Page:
Structure from Motion: Oral History of Reef Mapping in Hawaii
|Interviewee||Collection Sort descending||Description||Interviewer||Date of Interview||Location of Interview||Affiliation|
|Ku'ulei Rodgers||Structure from Motion: Oral History of Reef Mapping in Hawaii||
Ku‘ulei has been working at the Hawai’i Institute of Marine Biology’s Coral Reef Ecology Lab since 1992 under the direction of Drs. Paul Jokiel and Fenny Cox, as an HIMB faculty member since 2005 and as the Principal Investigator of the Coral Reef Ecology Lab since 2016. Over 100 articles have been published in peer-reviewed journals, published reports, and conference proceedings. She was in the top five most read PeerJ journal articles in 2017.
|Zachary Mason||Kaneohe, HI||NOAA Heritage Program, Coral Reef Conservation Program|
|Ved Chirayath||Structure from Motion: Oral History of Reef Mapping in Hawaii||
Professor Chirayath grew up in Southern California with a passion for NASA's mission and space exploration. In 2003, a sophomore in high school, he modified a consumer digital camera and telescope to successfully detect an extra-solar planet, 150 light years away, roughly twice the size of Jupiter. Since then, his research interests have relied on the intersection of multiple disciplines, including aeronautics, astrophysics, earth sciences, engineering, and optics.
|Zachary Mason, Madyson Miller||Miami, FL|
|Kahu M. Kalani Souza||Structure from Motion: Oral History of Reef Mapping in Hawaii||
Kalani is the Founding and current Director of the Olohana Foundation, a 501(c)(3) non-profit based on Hawaii’s Big Island since 2008. Olohana focuses on building community capacity, cohesiveness, resilience, and emergency preparedness around food, energy, water, and knowledge systems. Kalani is also a Coastal Community Resilience Trainer with FEMA Consortium member, the National Disaster Preparedness Training Center at the University of Hawaii, in Honolulu, Hawaii.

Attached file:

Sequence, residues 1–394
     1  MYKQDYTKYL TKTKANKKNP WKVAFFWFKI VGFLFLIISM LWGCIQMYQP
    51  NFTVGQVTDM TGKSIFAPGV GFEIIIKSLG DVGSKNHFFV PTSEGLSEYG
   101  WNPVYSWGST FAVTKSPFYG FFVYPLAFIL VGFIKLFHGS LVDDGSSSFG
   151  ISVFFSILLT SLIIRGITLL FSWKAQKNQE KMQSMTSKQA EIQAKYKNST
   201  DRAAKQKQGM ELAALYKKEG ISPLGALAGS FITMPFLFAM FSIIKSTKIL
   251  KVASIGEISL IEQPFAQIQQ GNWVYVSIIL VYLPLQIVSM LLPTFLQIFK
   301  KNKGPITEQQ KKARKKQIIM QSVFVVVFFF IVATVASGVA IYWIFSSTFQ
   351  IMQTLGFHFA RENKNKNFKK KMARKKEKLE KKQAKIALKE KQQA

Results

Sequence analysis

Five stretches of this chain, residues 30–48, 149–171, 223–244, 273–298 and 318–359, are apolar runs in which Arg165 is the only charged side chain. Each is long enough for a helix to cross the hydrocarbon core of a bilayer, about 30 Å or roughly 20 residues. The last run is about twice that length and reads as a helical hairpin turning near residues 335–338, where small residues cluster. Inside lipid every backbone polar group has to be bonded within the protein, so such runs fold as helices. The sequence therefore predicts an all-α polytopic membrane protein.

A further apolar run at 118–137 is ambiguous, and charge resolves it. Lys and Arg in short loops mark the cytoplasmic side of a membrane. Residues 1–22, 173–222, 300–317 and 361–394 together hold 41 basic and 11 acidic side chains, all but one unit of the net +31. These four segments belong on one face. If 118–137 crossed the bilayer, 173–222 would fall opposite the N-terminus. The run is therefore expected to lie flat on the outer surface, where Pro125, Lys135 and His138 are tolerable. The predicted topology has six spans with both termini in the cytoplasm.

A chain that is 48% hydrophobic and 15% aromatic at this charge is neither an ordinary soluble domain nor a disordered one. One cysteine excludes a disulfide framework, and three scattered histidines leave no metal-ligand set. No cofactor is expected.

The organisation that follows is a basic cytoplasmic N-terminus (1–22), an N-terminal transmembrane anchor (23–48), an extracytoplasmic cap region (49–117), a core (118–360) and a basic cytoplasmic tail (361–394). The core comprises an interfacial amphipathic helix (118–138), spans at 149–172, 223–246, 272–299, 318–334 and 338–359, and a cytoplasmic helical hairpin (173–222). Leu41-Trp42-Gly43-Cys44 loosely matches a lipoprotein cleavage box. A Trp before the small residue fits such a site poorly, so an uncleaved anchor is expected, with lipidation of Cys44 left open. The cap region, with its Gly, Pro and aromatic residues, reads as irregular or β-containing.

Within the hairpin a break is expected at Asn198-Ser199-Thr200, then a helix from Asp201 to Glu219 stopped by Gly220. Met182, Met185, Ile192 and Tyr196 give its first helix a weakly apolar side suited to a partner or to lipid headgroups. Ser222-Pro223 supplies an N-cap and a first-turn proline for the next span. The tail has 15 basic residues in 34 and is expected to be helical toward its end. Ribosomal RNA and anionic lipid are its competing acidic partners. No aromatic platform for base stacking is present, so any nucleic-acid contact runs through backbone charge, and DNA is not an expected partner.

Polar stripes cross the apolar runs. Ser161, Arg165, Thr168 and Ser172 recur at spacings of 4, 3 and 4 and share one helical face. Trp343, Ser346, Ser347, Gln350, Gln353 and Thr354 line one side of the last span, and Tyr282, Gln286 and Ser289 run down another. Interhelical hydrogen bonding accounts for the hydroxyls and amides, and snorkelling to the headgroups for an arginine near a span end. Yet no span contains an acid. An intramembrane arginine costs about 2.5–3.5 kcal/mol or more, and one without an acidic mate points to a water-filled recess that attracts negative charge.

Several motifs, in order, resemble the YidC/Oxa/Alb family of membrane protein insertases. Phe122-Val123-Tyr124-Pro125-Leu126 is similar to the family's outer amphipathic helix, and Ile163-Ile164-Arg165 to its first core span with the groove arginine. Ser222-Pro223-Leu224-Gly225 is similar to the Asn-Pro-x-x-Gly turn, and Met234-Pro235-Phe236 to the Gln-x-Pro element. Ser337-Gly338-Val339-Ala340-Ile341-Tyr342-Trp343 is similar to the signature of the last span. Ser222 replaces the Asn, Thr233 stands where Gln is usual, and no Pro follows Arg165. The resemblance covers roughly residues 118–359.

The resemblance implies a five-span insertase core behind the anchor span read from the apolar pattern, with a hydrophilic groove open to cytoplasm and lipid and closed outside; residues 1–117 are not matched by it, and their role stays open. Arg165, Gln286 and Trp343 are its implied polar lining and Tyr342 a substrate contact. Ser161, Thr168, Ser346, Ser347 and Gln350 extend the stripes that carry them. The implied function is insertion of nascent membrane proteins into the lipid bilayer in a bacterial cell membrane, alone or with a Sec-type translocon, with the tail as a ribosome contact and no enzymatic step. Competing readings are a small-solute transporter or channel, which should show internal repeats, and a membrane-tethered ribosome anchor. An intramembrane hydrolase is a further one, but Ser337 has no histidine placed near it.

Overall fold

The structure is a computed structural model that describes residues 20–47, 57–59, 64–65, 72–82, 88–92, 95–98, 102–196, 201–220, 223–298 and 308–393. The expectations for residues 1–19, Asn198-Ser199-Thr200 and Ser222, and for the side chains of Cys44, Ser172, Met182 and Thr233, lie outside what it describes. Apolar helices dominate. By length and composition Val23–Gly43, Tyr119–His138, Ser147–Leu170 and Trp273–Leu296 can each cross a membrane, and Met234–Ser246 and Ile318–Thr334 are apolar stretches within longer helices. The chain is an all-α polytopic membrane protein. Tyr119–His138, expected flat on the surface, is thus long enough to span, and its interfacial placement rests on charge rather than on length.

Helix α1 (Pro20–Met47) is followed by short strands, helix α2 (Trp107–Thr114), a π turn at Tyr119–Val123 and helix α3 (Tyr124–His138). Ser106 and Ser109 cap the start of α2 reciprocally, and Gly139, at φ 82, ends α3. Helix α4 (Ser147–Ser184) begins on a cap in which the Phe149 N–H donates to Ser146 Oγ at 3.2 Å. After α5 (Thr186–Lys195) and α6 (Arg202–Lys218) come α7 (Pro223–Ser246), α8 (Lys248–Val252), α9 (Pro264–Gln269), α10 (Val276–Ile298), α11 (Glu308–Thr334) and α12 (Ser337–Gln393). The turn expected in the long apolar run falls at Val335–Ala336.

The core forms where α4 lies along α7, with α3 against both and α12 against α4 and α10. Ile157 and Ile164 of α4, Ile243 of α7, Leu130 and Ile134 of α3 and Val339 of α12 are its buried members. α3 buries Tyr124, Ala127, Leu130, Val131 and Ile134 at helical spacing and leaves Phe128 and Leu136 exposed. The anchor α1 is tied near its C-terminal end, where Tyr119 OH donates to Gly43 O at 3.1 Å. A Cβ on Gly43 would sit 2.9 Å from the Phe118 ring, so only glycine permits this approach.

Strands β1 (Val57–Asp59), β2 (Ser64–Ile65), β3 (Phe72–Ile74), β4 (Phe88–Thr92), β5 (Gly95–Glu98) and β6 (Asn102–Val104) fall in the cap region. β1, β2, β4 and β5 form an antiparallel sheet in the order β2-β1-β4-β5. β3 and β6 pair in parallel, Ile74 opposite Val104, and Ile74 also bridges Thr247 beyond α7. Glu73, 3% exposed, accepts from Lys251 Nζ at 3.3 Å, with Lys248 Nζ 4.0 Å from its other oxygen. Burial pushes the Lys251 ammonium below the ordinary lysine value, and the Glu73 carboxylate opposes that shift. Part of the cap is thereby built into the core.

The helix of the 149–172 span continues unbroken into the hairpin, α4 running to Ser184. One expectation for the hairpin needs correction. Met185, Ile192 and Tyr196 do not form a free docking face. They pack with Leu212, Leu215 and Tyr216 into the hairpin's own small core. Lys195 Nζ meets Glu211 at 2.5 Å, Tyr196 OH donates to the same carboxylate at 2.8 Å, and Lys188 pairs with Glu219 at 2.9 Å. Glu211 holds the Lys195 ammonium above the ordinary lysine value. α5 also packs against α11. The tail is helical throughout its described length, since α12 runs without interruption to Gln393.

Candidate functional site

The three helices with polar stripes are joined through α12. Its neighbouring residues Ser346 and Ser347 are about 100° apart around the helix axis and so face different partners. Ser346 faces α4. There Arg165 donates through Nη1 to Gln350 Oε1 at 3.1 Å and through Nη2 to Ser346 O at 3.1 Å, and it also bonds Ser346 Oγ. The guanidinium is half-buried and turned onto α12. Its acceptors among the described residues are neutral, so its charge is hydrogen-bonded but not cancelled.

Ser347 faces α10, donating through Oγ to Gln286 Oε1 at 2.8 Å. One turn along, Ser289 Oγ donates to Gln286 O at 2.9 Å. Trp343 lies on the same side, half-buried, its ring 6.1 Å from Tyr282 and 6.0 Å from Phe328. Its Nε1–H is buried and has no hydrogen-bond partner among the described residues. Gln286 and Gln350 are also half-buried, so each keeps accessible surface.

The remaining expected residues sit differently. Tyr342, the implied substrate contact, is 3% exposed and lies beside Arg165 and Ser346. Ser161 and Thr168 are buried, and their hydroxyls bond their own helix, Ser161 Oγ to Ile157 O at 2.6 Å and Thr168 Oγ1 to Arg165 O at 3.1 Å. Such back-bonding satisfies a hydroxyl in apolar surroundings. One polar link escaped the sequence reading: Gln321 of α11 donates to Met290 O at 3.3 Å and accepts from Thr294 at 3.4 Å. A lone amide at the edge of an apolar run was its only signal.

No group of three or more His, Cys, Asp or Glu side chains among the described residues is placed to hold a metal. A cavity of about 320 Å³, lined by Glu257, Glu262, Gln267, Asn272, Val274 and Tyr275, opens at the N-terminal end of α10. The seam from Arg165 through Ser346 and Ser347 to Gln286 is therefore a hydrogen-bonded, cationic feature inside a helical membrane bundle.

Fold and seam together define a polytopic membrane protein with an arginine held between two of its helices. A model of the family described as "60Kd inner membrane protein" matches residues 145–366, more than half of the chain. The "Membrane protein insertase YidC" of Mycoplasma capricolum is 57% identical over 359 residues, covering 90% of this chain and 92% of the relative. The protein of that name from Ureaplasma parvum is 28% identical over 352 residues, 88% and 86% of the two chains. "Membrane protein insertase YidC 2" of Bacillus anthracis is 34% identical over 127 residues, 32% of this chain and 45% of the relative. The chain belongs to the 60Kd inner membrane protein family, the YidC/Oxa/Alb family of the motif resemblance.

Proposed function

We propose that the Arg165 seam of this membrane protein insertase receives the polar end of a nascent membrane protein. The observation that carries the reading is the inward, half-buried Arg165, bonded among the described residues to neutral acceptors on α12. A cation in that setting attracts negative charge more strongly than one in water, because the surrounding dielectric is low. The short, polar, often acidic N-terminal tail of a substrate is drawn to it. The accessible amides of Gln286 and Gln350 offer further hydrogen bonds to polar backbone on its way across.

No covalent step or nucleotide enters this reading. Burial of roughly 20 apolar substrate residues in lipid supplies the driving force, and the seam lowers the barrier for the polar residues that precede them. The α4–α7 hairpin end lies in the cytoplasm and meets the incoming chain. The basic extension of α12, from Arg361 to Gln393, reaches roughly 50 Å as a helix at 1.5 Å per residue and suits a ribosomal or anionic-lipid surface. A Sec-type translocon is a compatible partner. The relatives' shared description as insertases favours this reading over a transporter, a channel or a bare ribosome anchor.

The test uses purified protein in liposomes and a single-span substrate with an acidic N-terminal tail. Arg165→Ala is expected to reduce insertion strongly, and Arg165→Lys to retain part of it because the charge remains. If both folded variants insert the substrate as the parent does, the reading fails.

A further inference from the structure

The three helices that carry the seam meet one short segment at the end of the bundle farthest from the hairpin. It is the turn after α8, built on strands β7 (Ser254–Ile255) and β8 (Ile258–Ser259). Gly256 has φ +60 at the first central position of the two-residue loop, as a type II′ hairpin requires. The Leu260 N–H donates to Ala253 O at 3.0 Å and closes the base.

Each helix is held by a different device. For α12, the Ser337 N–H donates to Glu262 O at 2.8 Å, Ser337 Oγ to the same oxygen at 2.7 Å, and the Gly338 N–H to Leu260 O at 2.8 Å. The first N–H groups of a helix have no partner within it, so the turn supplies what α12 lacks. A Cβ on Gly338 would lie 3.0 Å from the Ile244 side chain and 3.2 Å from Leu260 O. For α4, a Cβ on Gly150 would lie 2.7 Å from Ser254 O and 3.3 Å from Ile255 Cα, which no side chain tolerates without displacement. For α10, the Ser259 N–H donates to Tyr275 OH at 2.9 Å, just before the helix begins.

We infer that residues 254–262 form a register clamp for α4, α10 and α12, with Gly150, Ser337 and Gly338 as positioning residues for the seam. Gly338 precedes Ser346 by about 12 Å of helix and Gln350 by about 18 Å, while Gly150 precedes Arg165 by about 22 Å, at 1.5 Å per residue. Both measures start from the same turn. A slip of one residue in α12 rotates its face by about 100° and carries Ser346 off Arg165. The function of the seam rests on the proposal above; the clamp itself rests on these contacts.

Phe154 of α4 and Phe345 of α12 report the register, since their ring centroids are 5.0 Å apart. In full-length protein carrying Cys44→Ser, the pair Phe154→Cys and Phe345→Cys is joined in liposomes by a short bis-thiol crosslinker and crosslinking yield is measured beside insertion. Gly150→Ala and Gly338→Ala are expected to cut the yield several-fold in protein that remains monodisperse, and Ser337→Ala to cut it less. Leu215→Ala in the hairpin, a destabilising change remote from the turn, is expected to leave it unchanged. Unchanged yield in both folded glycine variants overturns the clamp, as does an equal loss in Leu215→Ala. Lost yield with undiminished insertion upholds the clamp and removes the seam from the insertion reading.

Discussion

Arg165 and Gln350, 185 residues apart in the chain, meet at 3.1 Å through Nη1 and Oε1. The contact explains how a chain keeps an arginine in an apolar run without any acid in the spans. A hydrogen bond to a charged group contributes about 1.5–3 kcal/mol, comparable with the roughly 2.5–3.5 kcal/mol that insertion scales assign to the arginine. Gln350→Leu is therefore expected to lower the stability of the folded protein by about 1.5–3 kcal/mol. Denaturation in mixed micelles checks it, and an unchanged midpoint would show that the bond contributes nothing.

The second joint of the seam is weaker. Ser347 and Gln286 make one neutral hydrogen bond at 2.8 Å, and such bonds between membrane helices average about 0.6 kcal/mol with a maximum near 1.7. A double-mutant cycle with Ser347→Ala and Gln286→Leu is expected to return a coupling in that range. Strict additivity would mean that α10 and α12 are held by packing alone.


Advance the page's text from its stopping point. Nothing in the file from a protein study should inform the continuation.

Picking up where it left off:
|Madyson Miller||Paauilo, HI|
|Ryan Okano||Structure from Motion: Oral History of Reef Mapping in Hawaii||
Ryan Okano works for the Division of Aquatic Resources for the State of Hawaii.
|Madyson Miller||Mililani, HI|
|Mariko Quinn||Structure from Motion: Oral History of Reef Mapping in Hawaii||
Mariko Quinn, also known as Mari, is a passionate marine science enthusiast and a junior at the University of Hawaii at Manoa. Growing up in Hawaii near Kaneohe Bay, her love for the ocean was deeply influenced by her father, a boat captain, and her upbringing near the water. Witnessing a coral bleaching event in 2015 sparked Mari's interest in marine life and coral reefs. In response, she conducted a science fair project to track the recovery of 24 individual coral colonies in her local reef, discovering the impact of environmental stressors and the resilience of some coral colonies.
|Lexie Sturm||Manoa, HI|
|Alika Garcia||Structure from Motion: Oral History of Reef Mapping in Hawaii||
Alika is a Native Hawaiian with a strong connection to his island home of Oahu, where he was born and raised. He comes from a family with a long history of subsistence fishing, and this heritage has shaped his deep appreciation for the marine environment. Alika pursued his passion for marine biology and aquaculture at the University of Hawaii, Manoa, where he actively participated in the Scientific Diving group. During his time at university, he conducted valuable coral reef surveys across the Hawaiian islands.
|Zachary Mason||Honolulu, HI|
|Curt Storlazzi||Structure from Motion: Oral History of Reef Mapping in Hawaii||
Dr. Curt Storlazzi, Ph.D., is a prominent coastal scientist with a strong focus on coastal and marine research. He holds a Ph.D. in Earth Sciences from the University of California at Santa Cruz (UCSC) and a B.Sc. in Geology from the University of Delaware. Dr. Storlazzi has over two decades of experience and currently serves as a Research Geologist and Oceanographer in the USGS Coastal and Marine Hazards and Resources Program. Simultaneously, he is a Research Associate at UCSC's Institute for Marine Sciences.
|Madyson Miller||Santa Cruz, CA||NOAA Heritage Program|
|Kamealoha Smith and Konohiki Kahaunaele||Structure from Motion: Oral History of Reef Mapping in Hawaii||
Kamealoha Smith is a prominent figure in the Hawaiian community, known for his deep understanding and respect for the traditional Hawaiian resource management system, the moku system. Smith's work revolves around the preservation and application of this ancestral system, which involves the careful management of natural resources by different chiefs under the main chief of the island. He is also a strong advocate for the concept of "kuliana," a Hawaiian term meaning responsibility, which he believes is a reflection of how Native Hawaiian people feel towards the land.
|Zachary Mason, Lexie Sturm||Hanalei, HI||NOAA Heritage Program|